The law adds pornography to the list of issues studied in the legislature’s annual human trafficking report, it increases in that report the number of crimes identified for connections to human trafficking, and it directs fines associated with those crimes, while adding a surcharge to help victims.
While 18 states have passed resolutions regarding pornography, the Minnesota law represents a concrete first step toward further action, Adkins said. The Minnesota Catholic Conference, the Church’s public policy voice in Minnesota, approached the issue in its work to end commodification of persons, he said.
Sex trafficking is defined as inducing commercial sex acts by force, fraud or coercion, or in which the person induced to perform such acts is under 18 years, according to the U.S. government’s Trafficking Victims Protection Act. Perpetrators involved in recruiting, harboring, enticing, transporting, providing, obtaining, patronizing, soliciting or maintaining a person for that purpose are guilty of sex trafficking of an adult, according to the law.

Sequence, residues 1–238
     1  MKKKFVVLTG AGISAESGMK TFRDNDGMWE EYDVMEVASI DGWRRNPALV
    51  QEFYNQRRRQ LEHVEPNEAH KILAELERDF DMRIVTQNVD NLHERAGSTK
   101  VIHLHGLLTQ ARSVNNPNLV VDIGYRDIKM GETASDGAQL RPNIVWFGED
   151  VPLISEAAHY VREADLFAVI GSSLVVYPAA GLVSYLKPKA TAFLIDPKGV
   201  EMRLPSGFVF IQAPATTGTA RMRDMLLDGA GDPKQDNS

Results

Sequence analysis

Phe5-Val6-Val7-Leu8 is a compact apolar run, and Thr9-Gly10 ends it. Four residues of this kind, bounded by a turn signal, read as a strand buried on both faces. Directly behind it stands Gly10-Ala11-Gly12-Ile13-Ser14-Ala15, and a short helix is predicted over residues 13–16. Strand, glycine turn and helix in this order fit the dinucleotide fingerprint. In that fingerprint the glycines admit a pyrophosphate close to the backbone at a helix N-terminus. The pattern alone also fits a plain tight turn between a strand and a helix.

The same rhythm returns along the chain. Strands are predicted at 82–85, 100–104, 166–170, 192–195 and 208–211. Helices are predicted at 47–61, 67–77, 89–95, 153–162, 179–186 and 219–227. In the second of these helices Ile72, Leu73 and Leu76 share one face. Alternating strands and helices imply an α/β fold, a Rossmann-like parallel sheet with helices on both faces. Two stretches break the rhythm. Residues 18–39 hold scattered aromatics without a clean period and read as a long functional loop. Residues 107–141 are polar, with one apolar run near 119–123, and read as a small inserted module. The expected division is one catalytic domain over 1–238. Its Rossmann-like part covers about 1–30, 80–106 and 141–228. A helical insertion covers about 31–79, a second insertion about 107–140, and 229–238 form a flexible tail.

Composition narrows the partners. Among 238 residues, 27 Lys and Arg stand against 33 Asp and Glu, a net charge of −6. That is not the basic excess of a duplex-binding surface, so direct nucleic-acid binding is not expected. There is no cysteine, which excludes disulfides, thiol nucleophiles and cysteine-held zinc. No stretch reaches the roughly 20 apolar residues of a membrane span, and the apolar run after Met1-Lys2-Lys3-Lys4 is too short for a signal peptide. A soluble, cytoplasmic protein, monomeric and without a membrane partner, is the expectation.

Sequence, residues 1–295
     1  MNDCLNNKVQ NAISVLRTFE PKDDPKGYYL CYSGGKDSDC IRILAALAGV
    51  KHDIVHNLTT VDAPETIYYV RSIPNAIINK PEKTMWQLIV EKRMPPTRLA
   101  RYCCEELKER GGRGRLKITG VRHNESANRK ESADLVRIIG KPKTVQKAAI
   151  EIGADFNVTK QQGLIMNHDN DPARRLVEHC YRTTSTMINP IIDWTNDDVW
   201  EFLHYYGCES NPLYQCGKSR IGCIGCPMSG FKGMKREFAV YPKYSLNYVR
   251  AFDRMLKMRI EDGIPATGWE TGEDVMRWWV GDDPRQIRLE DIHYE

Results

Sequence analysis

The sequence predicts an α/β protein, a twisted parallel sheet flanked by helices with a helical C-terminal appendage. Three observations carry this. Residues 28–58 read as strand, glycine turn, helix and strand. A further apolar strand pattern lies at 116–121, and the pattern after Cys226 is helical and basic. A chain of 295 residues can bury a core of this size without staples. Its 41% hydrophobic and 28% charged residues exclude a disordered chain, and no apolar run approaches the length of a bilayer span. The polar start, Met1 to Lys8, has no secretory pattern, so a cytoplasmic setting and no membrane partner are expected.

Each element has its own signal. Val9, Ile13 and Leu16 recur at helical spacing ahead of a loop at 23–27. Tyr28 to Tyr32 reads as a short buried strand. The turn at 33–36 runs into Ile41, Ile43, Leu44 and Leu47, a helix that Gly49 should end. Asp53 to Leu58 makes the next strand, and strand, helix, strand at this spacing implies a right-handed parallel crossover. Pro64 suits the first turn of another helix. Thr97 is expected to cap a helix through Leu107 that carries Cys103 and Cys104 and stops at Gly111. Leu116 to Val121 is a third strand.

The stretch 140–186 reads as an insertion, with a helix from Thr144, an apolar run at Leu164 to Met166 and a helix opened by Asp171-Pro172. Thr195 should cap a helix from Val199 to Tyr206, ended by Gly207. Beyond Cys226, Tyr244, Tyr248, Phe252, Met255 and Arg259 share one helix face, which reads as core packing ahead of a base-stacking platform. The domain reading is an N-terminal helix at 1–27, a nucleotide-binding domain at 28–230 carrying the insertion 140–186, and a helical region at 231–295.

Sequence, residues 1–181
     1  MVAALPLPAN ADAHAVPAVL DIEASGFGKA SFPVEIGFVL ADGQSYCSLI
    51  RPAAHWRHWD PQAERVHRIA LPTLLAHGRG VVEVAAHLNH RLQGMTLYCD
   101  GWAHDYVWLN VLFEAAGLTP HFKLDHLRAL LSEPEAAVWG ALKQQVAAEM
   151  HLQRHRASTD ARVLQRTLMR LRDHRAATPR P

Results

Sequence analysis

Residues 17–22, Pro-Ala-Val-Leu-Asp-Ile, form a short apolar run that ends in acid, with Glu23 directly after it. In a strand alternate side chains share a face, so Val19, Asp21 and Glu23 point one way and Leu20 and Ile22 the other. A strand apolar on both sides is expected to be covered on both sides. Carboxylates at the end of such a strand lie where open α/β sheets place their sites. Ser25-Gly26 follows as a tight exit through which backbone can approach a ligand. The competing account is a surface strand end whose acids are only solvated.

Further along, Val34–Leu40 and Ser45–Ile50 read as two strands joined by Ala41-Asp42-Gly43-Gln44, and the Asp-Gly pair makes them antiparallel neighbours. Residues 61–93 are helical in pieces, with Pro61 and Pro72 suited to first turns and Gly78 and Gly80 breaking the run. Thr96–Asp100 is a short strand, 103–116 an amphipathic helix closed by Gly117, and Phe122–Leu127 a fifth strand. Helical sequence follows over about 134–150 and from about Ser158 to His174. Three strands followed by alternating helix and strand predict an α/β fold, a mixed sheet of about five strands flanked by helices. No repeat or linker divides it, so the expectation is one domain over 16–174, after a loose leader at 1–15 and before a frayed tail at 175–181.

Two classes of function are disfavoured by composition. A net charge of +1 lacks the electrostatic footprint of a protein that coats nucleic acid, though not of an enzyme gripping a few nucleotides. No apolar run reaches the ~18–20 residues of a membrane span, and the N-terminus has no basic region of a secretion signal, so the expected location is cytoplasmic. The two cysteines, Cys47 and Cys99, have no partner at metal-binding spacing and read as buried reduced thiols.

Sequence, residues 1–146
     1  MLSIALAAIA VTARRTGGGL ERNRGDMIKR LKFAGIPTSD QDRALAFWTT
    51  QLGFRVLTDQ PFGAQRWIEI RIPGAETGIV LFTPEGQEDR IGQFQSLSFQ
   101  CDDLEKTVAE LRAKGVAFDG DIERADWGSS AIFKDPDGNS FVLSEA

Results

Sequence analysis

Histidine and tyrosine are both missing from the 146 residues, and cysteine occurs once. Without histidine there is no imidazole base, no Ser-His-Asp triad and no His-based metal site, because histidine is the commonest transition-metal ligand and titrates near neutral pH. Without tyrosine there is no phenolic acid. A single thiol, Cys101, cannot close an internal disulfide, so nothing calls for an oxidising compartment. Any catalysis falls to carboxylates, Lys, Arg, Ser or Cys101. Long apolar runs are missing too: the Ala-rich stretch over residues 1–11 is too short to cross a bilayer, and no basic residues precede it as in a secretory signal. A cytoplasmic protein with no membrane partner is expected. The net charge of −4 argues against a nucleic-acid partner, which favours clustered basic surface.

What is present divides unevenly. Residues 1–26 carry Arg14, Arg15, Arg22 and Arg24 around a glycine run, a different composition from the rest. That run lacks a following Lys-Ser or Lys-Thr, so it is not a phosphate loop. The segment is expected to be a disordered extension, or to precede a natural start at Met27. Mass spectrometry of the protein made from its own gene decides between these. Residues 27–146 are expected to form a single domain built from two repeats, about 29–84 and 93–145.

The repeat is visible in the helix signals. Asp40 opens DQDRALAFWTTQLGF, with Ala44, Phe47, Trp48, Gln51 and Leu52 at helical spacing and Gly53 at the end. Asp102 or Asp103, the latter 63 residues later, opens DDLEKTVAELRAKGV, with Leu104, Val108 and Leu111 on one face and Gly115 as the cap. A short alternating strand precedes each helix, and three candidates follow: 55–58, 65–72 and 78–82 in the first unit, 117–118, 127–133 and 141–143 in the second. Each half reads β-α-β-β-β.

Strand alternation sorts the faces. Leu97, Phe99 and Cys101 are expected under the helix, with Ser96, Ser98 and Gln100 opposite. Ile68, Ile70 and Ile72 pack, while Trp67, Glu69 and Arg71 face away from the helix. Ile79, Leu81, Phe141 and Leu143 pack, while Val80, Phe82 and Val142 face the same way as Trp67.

Some human trafficking victims are trafficked for labor rather than sex, but that also can involve sexual abuse, said Hilary Chester, associate director of the U.S. bishops’ anti-trafficking program.
Cultures of coercion
Pornography — taken from Greek words meaning “prostitute” and “writing” — meets the legal definition of trafficking if the pornographer recruits, entices or obtains women for photographing live commercial sex acts, according to Melissa Farley, a clinical psychologist and anti-pornography/prostitution activist. Though pornography meets the definition of commercial sex, oftentimes major producers are protected from prosecution on free speech grounds, said Noel Bouché, author of “Exploited: Sex Trafficking, Porn Culture, and the Call to a Lifestyle of Justice.”